Protest leaders and civil rights advocates who have monitored the recent interrogations said they believed at least 40 or 50 people, and perhaps many more, had been contacted by federal agents about demonstration plans and possible violence surrounding the conventions and other political events.
"This kind of pressure has a real chilling effect on perfectly legitimate political activity," said Mark Silverstein, legal director for the American Civil Liberties Union of Colorado, where two groups of political activists in Denver and a third in Fort Collins were visited by the F.B.I. "People are going to be afraid to go to a demonstration or even sign a petition if they justifiably believe that will result in your having an F.B.I. file opened on you."
The issue is a particularly sensitive one in Denver, where the police agreed last year to restrictions on local intelligence-gathering operations after it was disclosed that the police had kept files on some 3,000 people and 200 groups involved in protests.
But the inquiries have stirred opposition elsewhere as well.
In New York, federal agents recently questioned a man whose neighbor reported he had made threatening comments against the president. He and a lawyer, Jeffrey Fogel, agreed to talk to the Secret Service, denying the accusation and blaming it on a feud with the neighbor. But when agents started to question the man about his political affiliations and whether he planned to attend convention protests, "that's when I said no, no, no, we're not going to answer those kinds of questions," said Mr. Fogel, who is legal director for the Center for Constitutional Rights in New York.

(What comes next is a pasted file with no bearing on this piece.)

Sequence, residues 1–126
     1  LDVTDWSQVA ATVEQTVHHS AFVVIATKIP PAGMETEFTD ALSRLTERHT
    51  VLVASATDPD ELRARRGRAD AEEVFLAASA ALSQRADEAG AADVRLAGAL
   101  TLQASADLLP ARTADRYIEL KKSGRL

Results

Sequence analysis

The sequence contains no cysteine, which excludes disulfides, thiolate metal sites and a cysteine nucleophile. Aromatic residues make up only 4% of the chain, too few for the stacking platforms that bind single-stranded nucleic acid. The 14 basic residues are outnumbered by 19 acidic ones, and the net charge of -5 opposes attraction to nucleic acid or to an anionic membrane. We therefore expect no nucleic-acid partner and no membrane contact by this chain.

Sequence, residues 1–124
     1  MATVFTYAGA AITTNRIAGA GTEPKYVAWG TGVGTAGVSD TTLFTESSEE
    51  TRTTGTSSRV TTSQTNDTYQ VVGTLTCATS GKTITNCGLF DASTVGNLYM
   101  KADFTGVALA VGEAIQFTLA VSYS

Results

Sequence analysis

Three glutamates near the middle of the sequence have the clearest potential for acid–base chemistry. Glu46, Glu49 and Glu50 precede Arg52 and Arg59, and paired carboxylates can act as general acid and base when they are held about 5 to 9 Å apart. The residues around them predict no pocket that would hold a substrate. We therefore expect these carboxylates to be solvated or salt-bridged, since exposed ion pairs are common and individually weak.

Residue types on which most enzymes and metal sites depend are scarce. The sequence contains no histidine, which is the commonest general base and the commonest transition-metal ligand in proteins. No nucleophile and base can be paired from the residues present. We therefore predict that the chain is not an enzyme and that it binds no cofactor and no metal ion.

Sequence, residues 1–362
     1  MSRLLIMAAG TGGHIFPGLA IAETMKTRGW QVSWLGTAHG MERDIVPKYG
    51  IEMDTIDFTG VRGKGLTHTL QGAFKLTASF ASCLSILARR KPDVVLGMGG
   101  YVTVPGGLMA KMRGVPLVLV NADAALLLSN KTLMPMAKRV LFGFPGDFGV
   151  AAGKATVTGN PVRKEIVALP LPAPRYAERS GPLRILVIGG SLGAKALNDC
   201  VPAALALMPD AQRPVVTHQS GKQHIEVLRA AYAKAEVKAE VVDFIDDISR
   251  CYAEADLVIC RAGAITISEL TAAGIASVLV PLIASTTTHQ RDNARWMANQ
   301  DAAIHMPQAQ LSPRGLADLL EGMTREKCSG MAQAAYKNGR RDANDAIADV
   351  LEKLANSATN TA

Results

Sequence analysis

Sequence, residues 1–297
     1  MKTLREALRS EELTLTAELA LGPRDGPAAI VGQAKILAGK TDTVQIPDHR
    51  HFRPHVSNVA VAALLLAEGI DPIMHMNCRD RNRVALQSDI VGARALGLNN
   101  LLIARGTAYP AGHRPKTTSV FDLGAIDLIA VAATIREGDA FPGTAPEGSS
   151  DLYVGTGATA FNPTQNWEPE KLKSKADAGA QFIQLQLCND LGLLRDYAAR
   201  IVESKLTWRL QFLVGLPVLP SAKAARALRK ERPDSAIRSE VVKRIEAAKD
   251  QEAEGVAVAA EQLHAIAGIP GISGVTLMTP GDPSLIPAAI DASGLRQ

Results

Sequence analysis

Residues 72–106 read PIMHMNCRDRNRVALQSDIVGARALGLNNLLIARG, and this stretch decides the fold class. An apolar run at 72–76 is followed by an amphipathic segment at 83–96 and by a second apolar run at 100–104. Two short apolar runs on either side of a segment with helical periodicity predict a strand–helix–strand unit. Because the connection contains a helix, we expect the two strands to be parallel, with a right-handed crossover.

In the case of the three young men subpoenaed in Missouri, Denise Lieberman, legal director for the American Civil Liberties Union in St. Louis, which is representing them, said they scrapped plans to attend both the Boston and the New York conventions after they were questioned about possible violence.
The men are all in their early 20's, Ms. Lieberman said, but she would not identify them.
All three have taken part in past protests over American foreign policy and in planning meetings for convention demonstrations. She said two of them were arrested before on misdemeanor charges for what she described as minor civil disobedience at protests.
Prosecutors have now informed the men that they are targets of a domestic terrorism investigation, Ms. Lieberman said, but have not disclosed the basis for their suspicions. "They won't tell me," she said.
Federal officials in St. Louis and Washington declined to comment on the case. Ms. Lieberman insisted that the men "didn't have any plans to participate in the violence, but what's so disturbing about all this is the pre-emptive nature -- stopping them from participating in a protest before anything even happened."